Marlene (1984)

“I was an actress, I made my films — that’s it!”

Synopsis:
81-year-old Marlene Dietrich shares memories from her past with former co-star Maximilian Schell, while refusing to be photographed.

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Review:
Classic movie buffs will surely delight in this most unusual interview between Maximilian Schell and octogenerian Marlene Dietrich, made under the strictest of conditions: that Schell would get only 40 hours of her time, and that her current image would never be shown on film. The result is a vibrant and creative — if at times necessarily constrained — walk back through memory lane with Dietrich, who reveals herself to be simultaneously cantankerous (“‘Falling in love again…’ I mean, really! It’s ridiculous”), obstinate (“It’s all in my book”), humble (“I didn’t understand anything in those days”), self-effacing (“I wasn’t erotic at all — I was snobby!”), mysterious (“What’s true is that what you read is untrue”), reflective (“I’ve never actually felt at home in any one place”), admirable (“Naturally we were against the Nazis; of course we were”), dismissive (“Do you think I’d go and sit in some sad, stuffy old cinema and watch an old film?”), bitchy (“I don’t call them women. I call them females. They can’t think clearly”), clear-headed (“You can’t miss what you’ve never had”), mendacious (she claims she had no siblings), and opinionated (“You can’t use that — really, you can’t”), among many other qualities. It’s well worth a listen.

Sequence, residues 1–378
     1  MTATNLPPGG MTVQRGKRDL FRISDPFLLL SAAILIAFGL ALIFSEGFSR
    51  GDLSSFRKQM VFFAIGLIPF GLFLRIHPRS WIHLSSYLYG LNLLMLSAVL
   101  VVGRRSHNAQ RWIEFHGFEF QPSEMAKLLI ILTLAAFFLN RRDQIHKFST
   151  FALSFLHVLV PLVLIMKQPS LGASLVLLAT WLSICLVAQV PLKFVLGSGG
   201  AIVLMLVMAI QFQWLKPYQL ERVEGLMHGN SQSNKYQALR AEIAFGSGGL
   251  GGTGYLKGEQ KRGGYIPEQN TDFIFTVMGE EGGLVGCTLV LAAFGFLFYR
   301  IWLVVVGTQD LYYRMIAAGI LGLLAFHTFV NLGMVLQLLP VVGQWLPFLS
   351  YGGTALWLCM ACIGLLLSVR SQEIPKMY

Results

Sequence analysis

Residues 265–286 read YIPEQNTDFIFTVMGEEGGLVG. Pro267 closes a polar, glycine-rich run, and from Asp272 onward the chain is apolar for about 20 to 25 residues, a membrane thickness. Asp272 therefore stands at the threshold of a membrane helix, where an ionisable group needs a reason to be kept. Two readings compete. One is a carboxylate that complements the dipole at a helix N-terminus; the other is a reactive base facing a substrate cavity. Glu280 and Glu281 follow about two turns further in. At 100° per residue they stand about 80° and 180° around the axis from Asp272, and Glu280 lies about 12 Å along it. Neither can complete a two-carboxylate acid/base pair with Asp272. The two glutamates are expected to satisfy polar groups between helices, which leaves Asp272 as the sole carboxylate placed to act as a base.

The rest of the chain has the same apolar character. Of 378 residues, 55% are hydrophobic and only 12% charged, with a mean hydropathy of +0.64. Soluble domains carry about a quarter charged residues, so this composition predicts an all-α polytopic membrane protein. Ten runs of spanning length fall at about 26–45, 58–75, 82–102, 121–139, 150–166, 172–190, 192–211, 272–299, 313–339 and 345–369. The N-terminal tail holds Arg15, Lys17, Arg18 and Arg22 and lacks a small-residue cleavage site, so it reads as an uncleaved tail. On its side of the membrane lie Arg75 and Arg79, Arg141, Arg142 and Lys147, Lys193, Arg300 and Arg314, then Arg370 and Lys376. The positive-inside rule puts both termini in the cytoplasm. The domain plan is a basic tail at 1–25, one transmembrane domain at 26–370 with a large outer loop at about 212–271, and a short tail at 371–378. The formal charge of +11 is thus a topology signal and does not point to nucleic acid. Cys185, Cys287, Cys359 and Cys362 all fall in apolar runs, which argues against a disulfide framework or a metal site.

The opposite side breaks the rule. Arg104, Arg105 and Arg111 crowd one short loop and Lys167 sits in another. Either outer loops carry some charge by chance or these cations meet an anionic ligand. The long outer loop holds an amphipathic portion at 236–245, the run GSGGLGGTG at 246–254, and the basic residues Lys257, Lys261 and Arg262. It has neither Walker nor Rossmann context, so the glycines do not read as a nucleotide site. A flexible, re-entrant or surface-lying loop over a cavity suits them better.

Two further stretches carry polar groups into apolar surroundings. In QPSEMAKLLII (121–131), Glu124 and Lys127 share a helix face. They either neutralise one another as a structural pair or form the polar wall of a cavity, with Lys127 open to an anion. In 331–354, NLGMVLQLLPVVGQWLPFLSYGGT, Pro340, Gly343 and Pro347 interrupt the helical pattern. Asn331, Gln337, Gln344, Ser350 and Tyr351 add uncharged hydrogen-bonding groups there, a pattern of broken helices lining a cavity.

Redeeming Qualities and Moments:

  • A creative rendering of a life recounted

Must See?
Yes, as a fascinating if fragmented glimpse into Dietrich’s storied life. Listed as a Personal Recommendation in the back of Peary’s book.

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One Response to “Marlene (1984)”

  1. Not must-see: for diehard Dietrich fans only.

    Not that long ago, I tried to rewatch this doc. I had seen it once before, around the time it was released (but I had almost no memory of it). I was sort of looking forward to the revisit. But… I soon began finding it difficult – and, by midway, I couldn’t go on.

    Most of what Dietrich is quoted as saying in the assessment is related to what I was feeling. It wasn’t just a matter of finding her “cantankerous”. I was sort of overwhelmed with the sense that… she didn’t want to be doing this documentary! She seemed to be finding the whole process – well, it’s impossible to say for sure but perhaps invasive (?), irrelevant (?), something she had ‘yes’ to but regretted (?).

    But, finally, I thought, ‘If she’s as disinterested in this as she sounds (and she certainly sounds it), then why should I be watching it?’ …It’s not like the same information can’t be found elsewhere.

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